Sunday, August 20, 2000
I think, therefore I am wrong!
Take the other day when I was in a hurry and decided to self-scan my groceries rather than wait in the long lines at the measly two check-out lanes that were open. Self-scanning four items should be a piece of cake, I thought, for a woman who had just made airline reservations online.
I scanned the first item and placed it in my bag. I scanned the second item and bagged it, but the computer locked up and wouldn't let me scan the third. The cashier I called for assistance pointed out that the second item hadn't scanned a price into the machine. Although the cashier didn't say it, I suspect the computer thought I was trying to make off with a box of cookies. I'm surprised it didn't instruct me to hold out my arms so it could slap handcuffs on my wrists.
I was considerably older when I reached the screen that asked me to select the payment method. I chose the cash button, then realized that I had only $2 with me.
No problem. I punched the button that allowed me to change options. I then told the machine I'd write a check, only to discover that I had written the last check in my checkbook.
I chose another option: debit card. I have never used my debit card, but I have watched other people swipe their cards, and it seemed a simple process. So I swiped mine " twice, then a third time. Nothing. The machine clearly expected me to do something else, probably enter a password if only I could figure out how and where.
It was at this point that I remembered I had placed a new batch of checks in the other compartment of my purse. So I changed options again and wrote a check, but I couldn't see a slot where I could deposit it into the machine. I asked the cashier for help. He said, "You give it to me."
Amazing! An actual human encounter! I miss those, don't you? It seems that I'm dealing less and less with humans and more and more with machines.
Remember when a smiling guy with a rag in his hip pocket greeted you at the gas station and inquired, "Regular or Ethyl?" Then, he not only filled your car with gas, he checked the oil and used the rag to wash your windshield.
I have been forced by necessity to become fairly proficient at fueling my car, but the other day I stopped at a service station which boasted shiny new pumps I hadn't yet confronted. I repeatedly punched -- without result -- the lighted rectangular plastic button that read "Pay Inside." Finally, I turned to the man at an adjacent pump and said "OK, I'm blond, and I'm ready to admit that I can't figure out how to do this."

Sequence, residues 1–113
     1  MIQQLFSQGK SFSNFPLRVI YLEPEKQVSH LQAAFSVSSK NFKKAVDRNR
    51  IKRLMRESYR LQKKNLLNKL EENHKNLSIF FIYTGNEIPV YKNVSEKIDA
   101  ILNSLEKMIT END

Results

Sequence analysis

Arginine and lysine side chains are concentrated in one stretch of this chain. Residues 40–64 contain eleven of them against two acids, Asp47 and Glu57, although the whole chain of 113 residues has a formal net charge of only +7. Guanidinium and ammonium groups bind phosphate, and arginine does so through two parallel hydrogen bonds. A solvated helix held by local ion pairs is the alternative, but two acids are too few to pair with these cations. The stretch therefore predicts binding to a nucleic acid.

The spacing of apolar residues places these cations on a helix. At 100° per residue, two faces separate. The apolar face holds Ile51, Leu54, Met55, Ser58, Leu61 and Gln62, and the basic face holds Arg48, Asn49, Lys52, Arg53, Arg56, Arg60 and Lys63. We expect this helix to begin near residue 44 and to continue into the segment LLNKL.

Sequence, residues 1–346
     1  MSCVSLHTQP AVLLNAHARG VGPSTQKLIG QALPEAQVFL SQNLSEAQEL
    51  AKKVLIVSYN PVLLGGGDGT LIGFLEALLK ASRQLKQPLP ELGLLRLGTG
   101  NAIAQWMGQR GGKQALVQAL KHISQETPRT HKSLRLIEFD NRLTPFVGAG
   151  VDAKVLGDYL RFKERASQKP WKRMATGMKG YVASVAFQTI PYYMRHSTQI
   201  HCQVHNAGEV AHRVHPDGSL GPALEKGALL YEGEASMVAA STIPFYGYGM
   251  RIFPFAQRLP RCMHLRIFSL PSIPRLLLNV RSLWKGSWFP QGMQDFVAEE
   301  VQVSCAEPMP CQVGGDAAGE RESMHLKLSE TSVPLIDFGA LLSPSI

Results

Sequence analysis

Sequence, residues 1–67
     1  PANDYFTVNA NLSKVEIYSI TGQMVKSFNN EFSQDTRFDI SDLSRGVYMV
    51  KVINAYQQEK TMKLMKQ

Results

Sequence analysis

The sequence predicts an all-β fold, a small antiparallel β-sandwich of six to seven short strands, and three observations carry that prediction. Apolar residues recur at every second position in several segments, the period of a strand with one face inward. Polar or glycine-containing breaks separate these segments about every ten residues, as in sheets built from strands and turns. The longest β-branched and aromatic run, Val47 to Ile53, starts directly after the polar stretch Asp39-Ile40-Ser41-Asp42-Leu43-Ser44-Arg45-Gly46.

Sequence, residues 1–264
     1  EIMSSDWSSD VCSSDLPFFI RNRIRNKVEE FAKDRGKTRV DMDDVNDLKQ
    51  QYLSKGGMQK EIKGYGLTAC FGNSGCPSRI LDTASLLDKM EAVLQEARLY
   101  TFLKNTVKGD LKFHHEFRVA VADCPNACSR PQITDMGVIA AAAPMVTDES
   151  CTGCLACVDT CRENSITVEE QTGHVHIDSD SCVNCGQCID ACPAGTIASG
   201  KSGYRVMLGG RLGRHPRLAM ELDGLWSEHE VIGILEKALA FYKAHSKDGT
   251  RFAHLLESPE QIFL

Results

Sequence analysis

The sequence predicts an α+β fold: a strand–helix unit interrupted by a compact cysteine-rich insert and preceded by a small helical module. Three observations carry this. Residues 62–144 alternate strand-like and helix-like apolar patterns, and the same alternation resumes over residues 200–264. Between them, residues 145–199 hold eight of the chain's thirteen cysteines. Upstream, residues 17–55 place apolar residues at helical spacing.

He came over to my pump and punched a tiny round button BENEATH the plastic rectangle. If I'd been designing those pumps, I would have dispensed with the tiny buttons and made the big obvious ones do the job.
But do you know where I miss humans the most? On the telephone! I firmly believe the invention of automated voice mail systems should have been punishable by death. How many times have you listened through a long recorded spiel that instructed you to punch numbers on your dial pad for certain options " then failed to give you the option you required?
Health insurance companies are the worst, although utility companies are a close second. What really troubles me is when I know I am not going to get the information I need without speaking to a human " but I have to listen to a menu, then punch a number to get to another menu where I punch another number to get to another menu. Finally, a dozen menus later, I hear: "If you need to talk to a representative, press four." The problem is that it isn't ALWAYS four that you press to talk to a human. Each company uses a different number.
What recently worked for me -- I'm not promising that you will have similar results -- was to punch in random numbers, numbers that the recorded voice hadn't offered me. Neither 38 nor 57 got a human on the line, but pressing 106 did.
Computers do, however, have one advantage over humans. They lack the capacity to be rude. Too bad that they also lack human kindness and a sense of humor!